Whether Radagast himself is at the Battle of the Five Armies (perhaps riding an eagle) is a mystery. However, I would wager that whatever happens, he will die in the third film. This would explain his absence in the LotR trilogy. While this could happen at the Battle of the Five Armies, it could also occur that Saruman, who manipulates Radagast in the books, kills him, perhaps when Radagast discovers that Saruman has a secret agenda. This would set in motion the descent into outright evil for Saruman, as evident in the Lord of the Rings trilogy. The death of Radagast, who is clearly portrayed as a warm, whimsically loveable character by Sylvester McCoy, would symbolise an end of innocence, a key theme of the Hobbit, and help transition to the darker, more urgent tone of the LotR trilogy.

Saruman the White 

“The venerable and mighty Saruman belongs with four other wizards to the Guardians of Middle Earth that care for order and balance in the world. Especially Saruman arranges the fate of the free nations at his own discretion. As head of the White Council, he fears with growing unease that Gandalf the Grey and Thorin Oakenshield’s companions could mess up his careful calculations. Saruman is indeed very old and wise but gives in to his subliminal weakness and is greedy for power — a greed that ultimately produces the most deadly of all unions.”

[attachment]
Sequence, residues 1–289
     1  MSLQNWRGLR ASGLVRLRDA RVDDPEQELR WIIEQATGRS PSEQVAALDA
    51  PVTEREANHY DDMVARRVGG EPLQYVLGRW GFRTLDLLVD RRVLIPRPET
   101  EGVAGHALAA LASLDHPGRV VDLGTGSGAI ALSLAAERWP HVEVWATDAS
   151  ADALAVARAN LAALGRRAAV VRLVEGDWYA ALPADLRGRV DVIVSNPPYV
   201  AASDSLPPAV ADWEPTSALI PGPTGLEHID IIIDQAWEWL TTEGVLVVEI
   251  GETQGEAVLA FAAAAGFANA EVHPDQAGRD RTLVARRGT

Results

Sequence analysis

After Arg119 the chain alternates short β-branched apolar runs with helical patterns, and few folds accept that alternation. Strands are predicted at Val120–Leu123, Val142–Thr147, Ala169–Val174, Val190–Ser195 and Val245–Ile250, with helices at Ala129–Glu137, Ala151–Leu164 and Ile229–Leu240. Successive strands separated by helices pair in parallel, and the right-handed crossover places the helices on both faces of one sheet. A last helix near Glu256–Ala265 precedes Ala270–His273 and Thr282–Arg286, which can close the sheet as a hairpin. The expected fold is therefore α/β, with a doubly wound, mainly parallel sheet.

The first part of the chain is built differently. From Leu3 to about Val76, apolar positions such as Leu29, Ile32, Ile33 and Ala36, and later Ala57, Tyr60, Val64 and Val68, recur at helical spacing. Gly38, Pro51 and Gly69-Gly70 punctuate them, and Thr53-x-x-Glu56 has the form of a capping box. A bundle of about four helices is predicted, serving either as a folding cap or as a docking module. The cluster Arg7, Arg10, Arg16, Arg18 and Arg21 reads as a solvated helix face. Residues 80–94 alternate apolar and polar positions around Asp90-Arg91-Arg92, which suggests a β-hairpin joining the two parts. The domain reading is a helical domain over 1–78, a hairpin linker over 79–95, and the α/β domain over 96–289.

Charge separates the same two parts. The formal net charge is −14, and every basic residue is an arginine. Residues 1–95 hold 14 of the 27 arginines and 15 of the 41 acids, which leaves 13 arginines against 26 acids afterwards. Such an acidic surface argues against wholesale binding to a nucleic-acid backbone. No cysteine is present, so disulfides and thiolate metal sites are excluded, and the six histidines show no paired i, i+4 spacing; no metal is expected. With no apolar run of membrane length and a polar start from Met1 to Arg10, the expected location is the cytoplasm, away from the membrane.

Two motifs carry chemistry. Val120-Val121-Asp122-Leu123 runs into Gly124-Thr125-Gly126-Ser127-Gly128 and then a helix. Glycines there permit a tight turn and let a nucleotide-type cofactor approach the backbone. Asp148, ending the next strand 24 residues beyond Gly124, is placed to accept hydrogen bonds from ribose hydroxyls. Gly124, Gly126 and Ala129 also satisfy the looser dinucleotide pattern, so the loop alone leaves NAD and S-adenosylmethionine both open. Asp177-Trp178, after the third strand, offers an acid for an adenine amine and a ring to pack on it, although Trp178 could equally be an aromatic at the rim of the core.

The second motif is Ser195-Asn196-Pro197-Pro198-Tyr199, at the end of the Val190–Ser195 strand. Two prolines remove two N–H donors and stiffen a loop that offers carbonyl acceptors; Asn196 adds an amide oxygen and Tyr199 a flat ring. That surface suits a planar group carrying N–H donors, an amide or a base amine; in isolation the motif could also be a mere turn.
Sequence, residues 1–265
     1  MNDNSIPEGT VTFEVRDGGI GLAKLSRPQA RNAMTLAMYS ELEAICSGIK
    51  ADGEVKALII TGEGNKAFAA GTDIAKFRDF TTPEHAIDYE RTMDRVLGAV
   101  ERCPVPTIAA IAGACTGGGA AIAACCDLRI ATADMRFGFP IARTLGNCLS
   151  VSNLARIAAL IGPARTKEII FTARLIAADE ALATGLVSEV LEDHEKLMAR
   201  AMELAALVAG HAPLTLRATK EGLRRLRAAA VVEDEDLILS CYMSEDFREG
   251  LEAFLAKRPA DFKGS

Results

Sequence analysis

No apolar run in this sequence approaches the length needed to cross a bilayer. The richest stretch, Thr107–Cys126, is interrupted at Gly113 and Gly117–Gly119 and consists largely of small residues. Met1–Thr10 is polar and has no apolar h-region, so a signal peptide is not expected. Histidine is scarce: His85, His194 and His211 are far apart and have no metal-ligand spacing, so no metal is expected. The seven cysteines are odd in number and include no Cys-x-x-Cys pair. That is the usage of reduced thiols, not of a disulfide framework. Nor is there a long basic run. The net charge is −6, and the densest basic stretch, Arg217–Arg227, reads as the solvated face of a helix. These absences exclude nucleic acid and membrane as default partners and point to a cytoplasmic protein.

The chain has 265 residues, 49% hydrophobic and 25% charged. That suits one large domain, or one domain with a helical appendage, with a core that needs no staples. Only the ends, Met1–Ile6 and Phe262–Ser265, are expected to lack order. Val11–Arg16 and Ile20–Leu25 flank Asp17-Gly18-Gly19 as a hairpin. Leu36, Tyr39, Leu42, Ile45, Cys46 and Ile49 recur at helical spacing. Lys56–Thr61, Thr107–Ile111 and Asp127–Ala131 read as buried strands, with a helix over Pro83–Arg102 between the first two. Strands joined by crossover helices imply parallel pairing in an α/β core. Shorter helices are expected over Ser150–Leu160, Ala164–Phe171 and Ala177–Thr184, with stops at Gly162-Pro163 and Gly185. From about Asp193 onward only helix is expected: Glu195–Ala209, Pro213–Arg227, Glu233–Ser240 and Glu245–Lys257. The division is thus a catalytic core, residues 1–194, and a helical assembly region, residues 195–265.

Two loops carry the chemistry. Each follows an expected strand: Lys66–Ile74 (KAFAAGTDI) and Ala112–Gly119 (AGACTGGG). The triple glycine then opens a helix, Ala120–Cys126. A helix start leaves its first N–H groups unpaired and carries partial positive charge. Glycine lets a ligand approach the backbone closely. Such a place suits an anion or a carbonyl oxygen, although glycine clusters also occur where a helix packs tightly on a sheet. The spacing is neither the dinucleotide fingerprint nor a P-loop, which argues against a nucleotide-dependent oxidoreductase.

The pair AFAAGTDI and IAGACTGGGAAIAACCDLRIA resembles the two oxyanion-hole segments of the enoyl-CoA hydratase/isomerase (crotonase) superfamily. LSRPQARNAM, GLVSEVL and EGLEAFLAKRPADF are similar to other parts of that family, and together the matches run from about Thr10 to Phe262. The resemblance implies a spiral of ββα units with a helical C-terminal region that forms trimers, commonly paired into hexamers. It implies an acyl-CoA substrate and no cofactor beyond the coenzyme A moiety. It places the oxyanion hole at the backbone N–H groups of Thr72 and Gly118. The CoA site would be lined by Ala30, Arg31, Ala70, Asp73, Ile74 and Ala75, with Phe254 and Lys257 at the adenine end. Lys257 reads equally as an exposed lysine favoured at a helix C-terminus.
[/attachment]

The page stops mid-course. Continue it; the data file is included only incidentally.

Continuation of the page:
Analysis and speculation:
First, it is interesting that five wizards are mentioned. This suggests there may be some explanation of the origins of the wizards in middle-earth, as the five are Gandalf the Grey, Saruman the White, Radagast the Brown and the two Blue Wizards who disappeared into the East long ago.

Second, the word used is ‘deadly’ in reference to his union with Sauron. This suggests he does something deadly in the Hobbit, which aligns with the idea that Radagast will die in the films. If this occurs, it will likely be a portend of things to come (in LotR) that adds a twist to the end of an otherwise happy end to ‘There and Back Again’, the third film, when Bilbo returns to Hobbiton.

Third, there is no suggestion that Saruman takes part in the battle of Dol Guldur. Given that Radagast is loyal to him as head of the Order, and trusting of his intentions, it is possible that Saruman sends Radagast to ‘represent’ him at Dol Guldur, but possibly with instructions to report back to him. It is on this return mission near the end of the trilogy, perhaps if Radagast has seen too much, when Saruman decides that he represents a risk to his carefully laid plans.


Elrond is one of the oldest and wisest Elves who still live in Middle Earth. He is the Lord of Rivendell, the last homely house east of the Sea. Thorin & Co. stay only for a short time in Rivendell, but Elrond offers Bilbo and the dwarves lodging and food. The dwarves have a natural aversion to the Elves, but accept their help gladly. Elrond responded suspiciously to the dwarves’ project to reclaim their stolen treasure, but he gives those secret information that Gandalf and Thorin need to reach the Lonely Mountain.

Analysis and speculation: